High Performance NZ boss Mike Scott admits the potential withdrawal of funds from millionaire philanthropist Sir Owen Glenn is concerning.

A comprehensive review released yesterday revealed alarming findings about a negative environment under then head coach Mark Hager, including the majority player view that the negative culture had been experienced for at least the last two years.

Despite the findings of the review, Glenn remained unconvinced with the findings of the independent review, calling the claims by the majority of the players interviewed "cowardice".

"He is a good coach – I saw a lot of his coaching all over the world. No complaints, all the good players are supporting him. Who are the ones who aren't? This is cowardice, absolute cowardice," Glenn told Newstalk ZB's Larry Williams.

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Last week, the Herald reported that Glenn – a strong supporter of Hager, who resigned as coach of the women's side last month – would be freezing his funding to the Black Sticks women's hockey programme because of dissatisfaction with the sport's governance.

Speaking to Radio Sport's D'Arcy Waldegrave, Scott said he was hopeful that the situation between Glenn and Hockey NZ would be resolved quickly.

"Clearly Sir Owen is a very passionate supporter of the Black Sticks and we're all hopeful that this situation can be resolved quickly," Scott said.

"As a nation we're a small high performance system competing against much bigger and better resourced countries and any philanthropic support like this can make a big difference.

"Obviously we're concerned about the potential withdrawal and we're hopeful that it can be resolved and move forward so we can create the best possible environment for the athletes to perform."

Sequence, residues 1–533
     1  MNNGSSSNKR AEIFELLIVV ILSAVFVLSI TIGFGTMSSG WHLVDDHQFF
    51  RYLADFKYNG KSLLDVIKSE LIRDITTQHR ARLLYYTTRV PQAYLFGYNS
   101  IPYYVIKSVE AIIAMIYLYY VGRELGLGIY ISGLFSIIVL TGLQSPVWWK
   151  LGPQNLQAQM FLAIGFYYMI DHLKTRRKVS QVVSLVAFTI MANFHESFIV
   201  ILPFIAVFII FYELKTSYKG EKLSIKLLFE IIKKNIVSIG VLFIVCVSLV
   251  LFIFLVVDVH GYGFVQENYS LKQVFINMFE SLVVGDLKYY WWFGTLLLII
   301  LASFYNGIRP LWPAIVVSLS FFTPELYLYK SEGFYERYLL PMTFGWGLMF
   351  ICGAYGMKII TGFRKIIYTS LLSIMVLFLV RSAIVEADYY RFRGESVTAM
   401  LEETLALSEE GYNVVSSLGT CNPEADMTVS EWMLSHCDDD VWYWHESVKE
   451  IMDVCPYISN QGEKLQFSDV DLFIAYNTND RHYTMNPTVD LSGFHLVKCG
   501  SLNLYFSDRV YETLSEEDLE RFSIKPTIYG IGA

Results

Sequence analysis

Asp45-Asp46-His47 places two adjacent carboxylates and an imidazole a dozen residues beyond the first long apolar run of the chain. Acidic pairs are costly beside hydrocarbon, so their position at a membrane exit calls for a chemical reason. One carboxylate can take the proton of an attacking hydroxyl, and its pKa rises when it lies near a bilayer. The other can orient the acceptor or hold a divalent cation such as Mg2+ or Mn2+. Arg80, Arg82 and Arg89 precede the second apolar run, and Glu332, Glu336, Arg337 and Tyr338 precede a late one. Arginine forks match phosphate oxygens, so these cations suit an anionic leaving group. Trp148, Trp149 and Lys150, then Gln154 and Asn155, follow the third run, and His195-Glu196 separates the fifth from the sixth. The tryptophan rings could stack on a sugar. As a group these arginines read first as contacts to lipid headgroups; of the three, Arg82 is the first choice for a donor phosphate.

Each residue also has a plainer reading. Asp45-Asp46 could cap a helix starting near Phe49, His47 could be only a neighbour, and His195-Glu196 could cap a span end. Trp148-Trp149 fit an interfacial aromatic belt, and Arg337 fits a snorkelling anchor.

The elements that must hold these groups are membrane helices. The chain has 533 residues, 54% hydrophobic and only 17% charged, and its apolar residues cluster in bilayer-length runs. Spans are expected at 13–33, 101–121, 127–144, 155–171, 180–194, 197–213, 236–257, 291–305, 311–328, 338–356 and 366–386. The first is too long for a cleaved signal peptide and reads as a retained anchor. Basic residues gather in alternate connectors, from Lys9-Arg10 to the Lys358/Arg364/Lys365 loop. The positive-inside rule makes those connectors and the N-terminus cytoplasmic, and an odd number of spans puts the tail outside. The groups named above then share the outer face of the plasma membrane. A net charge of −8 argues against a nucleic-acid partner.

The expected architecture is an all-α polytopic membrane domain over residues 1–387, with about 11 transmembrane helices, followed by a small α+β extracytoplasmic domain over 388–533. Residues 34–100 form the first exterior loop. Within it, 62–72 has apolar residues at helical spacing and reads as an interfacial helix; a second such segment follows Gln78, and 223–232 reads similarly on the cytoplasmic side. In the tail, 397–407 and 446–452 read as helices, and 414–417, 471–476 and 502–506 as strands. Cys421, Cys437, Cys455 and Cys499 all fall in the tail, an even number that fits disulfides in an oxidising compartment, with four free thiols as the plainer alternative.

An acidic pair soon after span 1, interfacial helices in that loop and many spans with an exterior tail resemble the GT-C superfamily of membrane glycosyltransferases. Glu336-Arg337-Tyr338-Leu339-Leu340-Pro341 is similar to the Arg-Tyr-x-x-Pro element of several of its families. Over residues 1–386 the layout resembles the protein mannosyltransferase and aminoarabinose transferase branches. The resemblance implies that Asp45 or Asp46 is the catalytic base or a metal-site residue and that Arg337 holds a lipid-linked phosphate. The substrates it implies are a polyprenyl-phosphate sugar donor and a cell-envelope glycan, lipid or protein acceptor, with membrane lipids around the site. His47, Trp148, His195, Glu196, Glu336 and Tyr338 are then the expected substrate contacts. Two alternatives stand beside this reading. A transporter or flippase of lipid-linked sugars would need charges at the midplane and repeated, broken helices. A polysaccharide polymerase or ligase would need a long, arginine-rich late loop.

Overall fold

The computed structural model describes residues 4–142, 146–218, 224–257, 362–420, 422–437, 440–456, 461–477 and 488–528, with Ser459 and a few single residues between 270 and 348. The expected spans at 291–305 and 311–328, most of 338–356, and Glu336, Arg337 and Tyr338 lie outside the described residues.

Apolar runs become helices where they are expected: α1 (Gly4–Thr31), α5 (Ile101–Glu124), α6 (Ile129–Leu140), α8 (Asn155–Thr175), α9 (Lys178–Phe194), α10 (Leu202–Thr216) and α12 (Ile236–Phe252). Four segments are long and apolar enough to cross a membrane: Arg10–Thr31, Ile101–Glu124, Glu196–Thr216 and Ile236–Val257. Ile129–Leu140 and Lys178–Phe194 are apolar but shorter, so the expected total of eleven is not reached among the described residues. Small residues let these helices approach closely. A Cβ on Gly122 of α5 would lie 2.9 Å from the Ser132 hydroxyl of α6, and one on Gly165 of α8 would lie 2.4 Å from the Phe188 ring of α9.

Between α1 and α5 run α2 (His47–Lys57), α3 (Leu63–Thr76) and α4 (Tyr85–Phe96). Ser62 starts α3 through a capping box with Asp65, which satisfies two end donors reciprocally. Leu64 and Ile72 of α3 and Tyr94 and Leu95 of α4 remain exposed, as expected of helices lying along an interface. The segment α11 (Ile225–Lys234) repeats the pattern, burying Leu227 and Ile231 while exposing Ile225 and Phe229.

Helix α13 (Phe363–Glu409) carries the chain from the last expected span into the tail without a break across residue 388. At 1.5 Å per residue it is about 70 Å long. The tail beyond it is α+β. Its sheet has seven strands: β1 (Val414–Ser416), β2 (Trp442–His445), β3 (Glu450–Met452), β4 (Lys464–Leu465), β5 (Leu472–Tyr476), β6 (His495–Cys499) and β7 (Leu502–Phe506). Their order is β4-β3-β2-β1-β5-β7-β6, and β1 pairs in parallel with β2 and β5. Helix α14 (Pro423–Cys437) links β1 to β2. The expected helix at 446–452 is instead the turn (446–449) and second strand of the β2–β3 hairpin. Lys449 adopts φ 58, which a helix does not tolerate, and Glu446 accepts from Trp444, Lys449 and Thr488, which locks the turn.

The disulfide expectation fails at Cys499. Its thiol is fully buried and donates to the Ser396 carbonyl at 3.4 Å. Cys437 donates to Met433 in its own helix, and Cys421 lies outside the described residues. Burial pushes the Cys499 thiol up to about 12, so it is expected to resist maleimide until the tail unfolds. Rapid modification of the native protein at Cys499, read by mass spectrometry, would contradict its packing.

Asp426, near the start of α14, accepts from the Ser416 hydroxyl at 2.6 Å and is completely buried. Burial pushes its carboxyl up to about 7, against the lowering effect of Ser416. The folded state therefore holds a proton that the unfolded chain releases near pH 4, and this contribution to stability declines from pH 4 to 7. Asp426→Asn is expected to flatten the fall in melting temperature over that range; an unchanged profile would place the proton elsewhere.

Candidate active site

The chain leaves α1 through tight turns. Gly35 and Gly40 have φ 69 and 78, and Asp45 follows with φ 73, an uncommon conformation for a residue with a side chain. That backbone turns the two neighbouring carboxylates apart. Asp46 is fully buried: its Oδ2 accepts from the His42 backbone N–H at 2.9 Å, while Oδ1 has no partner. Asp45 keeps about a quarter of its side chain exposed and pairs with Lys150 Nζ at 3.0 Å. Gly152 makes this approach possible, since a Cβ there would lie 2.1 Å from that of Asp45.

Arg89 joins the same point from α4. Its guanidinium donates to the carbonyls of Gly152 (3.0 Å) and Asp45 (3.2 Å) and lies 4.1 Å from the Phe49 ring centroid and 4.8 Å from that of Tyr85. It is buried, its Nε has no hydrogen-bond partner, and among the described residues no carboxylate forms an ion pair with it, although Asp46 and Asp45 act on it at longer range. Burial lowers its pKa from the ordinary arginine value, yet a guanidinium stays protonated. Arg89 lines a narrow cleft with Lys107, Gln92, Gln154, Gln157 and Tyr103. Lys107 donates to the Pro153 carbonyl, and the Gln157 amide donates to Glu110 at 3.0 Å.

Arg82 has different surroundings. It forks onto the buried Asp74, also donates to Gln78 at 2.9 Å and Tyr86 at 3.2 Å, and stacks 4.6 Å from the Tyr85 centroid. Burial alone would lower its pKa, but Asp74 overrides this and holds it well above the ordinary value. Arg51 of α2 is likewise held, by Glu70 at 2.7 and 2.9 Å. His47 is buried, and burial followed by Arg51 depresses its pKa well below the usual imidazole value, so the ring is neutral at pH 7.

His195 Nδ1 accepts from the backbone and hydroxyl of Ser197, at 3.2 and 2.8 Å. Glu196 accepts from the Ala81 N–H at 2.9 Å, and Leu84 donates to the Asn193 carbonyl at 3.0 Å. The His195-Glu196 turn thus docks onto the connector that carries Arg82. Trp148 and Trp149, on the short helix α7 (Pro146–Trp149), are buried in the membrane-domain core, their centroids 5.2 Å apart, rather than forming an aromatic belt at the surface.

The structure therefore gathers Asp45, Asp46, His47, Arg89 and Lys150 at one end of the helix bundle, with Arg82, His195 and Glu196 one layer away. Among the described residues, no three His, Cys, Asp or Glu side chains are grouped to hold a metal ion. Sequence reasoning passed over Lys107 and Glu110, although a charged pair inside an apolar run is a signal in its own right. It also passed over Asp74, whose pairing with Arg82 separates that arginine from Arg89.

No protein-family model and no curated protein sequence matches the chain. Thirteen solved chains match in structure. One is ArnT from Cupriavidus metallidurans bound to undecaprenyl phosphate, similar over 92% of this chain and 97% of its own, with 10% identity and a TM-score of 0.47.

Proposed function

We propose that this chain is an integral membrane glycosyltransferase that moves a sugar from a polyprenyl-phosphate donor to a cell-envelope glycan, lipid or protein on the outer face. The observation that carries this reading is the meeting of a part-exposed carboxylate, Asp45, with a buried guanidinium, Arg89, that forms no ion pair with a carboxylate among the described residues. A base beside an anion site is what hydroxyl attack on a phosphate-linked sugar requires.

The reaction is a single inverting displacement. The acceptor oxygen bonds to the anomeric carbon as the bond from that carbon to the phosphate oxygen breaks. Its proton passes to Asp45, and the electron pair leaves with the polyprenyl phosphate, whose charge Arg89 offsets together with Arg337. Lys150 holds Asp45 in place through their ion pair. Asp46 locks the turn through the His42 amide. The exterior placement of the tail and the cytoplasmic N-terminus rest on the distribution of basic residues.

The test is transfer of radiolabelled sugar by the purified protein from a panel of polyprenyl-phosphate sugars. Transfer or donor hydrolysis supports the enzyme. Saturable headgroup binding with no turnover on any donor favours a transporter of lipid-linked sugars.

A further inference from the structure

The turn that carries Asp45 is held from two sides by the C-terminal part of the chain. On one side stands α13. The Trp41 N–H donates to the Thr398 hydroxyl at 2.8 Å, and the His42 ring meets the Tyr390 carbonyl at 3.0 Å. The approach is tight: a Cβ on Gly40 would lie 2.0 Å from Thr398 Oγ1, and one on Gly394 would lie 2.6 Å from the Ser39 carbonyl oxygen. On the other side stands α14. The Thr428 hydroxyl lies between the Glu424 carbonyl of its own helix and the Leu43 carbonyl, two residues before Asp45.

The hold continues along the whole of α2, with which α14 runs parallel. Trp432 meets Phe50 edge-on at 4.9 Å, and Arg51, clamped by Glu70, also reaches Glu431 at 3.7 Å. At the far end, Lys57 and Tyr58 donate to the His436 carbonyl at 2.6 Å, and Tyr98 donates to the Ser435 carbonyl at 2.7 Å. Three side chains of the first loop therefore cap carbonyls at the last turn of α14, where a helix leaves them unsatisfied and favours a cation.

Former Black Sticks Women's coach Mark Hager. Photo / Photosport
Former Black Sticks Women's coach Mark Hager. Photo / Photosport

The review revealed that of the 33 players interviewed, 24 players reported 'serious concerns' about the environment within the team.

However, details of the review and what constitutes a negative environment have been scarce, leading to criticism from both Glenn and the New Zealand Hockey Players Association.

Glenn believes the hockey board needs to be "taken to task" for its lack of transparency with the findings of the review.

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"I saw the amended copy. Probably 30 to 40 pages. But it has huge gaps in it," Glenn said.

"Everything that could have been contentious has been deleted. And it looks like a lawyer has gone over it with a fine tooth comb.

"Where's the justice in that? Where's the fair play in that? Someone has to question this. Nobody wants to take responsibility.

"I want the hockey board to be taken to task."

Scott, on the other hand, defended the review saying some of the details were withheld to protect the privacy of the participants of the review.

"The environment that obviously Hockey NZ undertook this review was to ensure that people's privacies is protected. And we respect that because people came forward on the basis that their input would be confidential."